Benjamin Franklin Martin

Benjamin F. Martin, who has been prominently identified with the paper-making industry of New England for many years, and is widely known as one of Manchester's wealthy and influential citizens, is the son of a Vermont farmer. His parents were Truman and Mary (Noyes) Martin, whose homestead was at Peacham, where they resided with their five sons and four daughters. Their son Benjamin Franklin was born July 21, 1813, and passed his youth at home, attending the short district schools, and filling the long vacations with farm work and the few recreations that were then open to farmers' boys. He also had the advantage of some instruction at the Peacham Academy, and when he arrived at the age of eighteen was thought to be sufficiently educated in books to begin a business career, to which he was naturally inclined. He accordingly went to Meredith Bridge, now Laconia, to learn paper-making in a mill owned by an older brother. He spent one year in this mill, and then next served as a journeyman in one at Millbury, Mass., where he acquired a thorough knowledge of the business. Mr. Martin then formed a partnership with a brother-in-law, the late Thomas Rice, for the manufacture of paper at Newton Lower Falls, Mass., where he remained until 1844, when he removed to Middleton, Mass., and purchased a mill there, which he successfully operated for nine years. In 1853 he had arranged to locate in Lawrence, Mass., but the inducements offered him to go to Manchester were sufficient to change his plans, and he at once commenced the erection of a mill at Amoskeag Falls. This was soon completed, and in it Mr. Martin carried on for twelve years an extensive and profitable business. In 1865 he sold it to Hudson Keeney, but four years later repurchased it, and continued to operate it until 1874, when he sold the establishment to John Hoyt & Co., and retired to enjoy the fruits of his well directed industry and sagacity.

The demands of his business have left Mr. Martin little time for office-holding; but in 1857 and 1858 he represented ward three in the common council, and in 1860 was a member of the board of aldermen. In 1863 and 1864 he was a member of the state legislature, and also served as a colonel on the staff of Gov. Gilmore. In 1860 he was a delegate to the national convention that nominated Abraham Lincoln.

He was elected a director of the Merrimack River Bank when it was organized, in 1854, and was chosen its president in 1859, but resigned the next year. He was one of the first trustees of the Merrimack River Five Cent Savings Bank, and its vice-president in 1860. He was a director of the Manchester Bank under its state charter, and has since held a similar position in the Manchester National Bank, and is a trustee in the Manchester Savings Bank. He has long been connected with the Portsmouth and Manchester & Lawrence railroads as a director, and since 1878 has been president of the Manchester & Lawrence. He is now president of the Manchester Gas Company.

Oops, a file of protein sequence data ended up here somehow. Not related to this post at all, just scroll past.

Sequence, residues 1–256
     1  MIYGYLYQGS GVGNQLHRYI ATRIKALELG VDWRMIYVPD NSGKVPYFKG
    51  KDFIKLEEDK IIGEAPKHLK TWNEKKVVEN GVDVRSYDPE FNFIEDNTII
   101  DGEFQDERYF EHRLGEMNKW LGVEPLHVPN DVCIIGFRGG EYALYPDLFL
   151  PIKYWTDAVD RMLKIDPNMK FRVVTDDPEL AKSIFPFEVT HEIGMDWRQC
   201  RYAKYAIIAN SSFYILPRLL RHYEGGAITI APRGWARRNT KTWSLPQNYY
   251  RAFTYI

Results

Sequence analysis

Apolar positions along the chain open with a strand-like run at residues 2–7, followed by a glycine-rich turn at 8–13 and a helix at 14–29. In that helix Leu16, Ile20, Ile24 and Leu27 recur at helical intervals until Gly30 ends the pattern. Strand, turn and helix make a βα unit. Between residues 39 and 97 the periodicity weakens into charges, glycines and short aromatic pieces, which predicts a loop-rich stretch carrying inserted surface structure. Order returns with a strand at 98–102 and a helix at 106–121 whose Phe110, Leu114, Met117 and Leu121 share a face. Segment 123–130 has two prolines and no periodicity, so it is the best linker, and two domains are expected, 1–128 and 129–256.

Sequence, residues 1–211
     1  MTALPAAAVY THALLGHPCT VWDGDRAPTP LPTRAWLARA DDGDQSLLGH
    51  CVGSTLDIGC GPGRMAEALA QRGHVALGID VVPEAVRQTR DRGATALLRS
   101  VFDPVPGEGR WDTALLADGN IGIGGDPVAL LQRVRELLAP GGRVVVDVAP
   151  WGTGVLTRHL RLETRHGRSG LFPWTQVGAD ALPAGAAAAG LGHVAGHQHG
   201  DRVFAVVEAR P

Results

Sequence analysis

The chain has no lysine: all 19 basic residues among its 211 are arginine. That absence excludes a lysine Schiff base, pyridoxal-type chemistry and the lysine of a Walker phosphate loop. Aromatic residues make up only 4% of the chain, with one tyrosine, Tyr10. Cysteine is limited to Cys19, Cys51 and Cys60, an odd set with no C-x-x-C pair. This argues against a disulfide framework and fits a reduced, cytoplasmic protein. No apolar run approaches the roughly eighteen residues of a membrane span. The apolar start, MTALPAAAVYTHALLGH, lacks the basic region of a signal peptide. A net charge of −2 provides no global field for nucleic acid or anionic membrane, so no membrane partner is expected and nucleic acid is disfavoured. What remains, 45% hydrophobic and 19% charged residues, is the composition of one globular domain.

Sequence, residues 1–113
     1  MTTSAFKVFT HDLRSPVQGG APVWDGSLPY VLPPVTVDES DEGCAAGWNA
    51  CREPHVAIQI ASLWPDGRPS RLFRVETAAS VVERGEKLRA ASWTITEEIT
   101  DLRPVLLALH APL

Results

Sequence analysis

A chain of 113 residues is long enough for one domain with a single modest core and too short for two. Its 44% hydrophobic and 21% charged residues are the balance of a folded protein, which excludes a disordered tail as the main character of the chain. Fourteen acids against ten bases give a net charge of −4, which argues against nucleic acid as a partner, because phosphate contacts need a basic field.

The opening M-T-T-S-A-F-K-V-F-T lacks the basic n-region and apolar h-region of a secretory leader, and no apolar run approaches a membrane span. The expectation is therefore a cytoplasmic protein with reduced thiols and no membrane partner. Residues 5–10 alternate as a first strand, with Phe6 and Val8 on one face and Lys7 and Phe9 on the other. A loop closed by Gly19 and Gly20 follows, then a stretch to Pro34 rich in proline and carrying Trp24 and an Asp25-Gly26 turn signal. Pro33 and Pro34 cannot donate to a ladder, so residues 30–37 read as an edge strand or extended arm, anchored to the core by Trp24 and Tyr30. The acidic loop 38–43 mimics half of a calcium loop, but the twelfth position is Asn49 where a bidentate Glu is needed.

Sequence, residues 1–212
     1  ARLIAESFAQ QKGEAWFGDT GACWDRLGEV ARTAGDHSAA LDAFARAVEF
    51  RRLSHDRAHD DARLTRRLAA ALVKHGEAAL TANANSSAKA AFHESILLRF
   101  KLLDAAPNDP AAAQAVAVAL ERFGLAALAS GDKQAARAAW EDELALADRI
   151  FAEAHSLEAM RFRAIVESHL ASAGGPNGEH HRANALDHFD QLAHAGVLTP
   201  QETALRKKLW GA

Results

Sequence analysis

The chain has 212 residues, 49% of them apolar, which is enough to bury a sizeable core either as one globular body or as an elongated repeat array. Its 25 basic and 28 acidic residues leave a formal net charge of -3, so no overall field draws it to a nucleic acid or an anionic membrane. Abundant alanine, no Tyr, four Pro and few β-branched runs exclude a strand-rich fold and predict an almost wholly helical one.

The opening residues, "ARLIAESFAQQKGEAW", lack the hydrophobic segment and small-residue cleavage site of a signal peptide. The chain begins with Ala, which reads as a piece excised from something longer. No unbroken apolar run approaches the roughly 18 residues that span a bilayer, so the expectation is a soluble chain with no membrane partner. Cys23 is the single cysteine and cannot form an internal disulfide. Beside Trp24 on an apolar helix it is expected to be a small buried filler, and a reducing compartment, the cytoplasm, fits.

Col. Martin married, January 3, 1836, Mary Ann Rice, of Boston, a sister of Hon. Alexander H. and Willard Rice, by whom he has had three daughters, Fanny R., the wife of Hon. George B. Chandler, being the only one now living.

Mr. Martin is, in the best sense of the term, a successful business man. He is a master of the art of paper-making, which was carried in his mill to a high degree of perfection. His standing in the commercial world is such as only a long and uninterrupted course of honorable dealing and unexceptional promptness in responding to every obligation secures. He was quick to see the possibilities of his business, always ready to improve opportunities, and judicious in the execution of all his plans.

In Manchester, he is highly honored and respected as a citizen, whose prosperity contributed to that of others, and as a man whose integrity is beyond suspicion, and whose private life is above reproach. He has been a great help to the city in which he has acquired most of his wealth, not only in building one of her great factories in which hundreds of men have found steady and profitable employment, but in giving liberally to her charities and other institutions which have depended upon the generosity of the public, and in discharging all the duties of a public-spirited citizen. He has long been one of the chief supporters of the Episcopal church, where he worships, and a willing helper of the Republican party, with which he has always acted. His home is one of the most elegant in Manchester; and it is the home of good taste, comfort, happiness, and hospitality.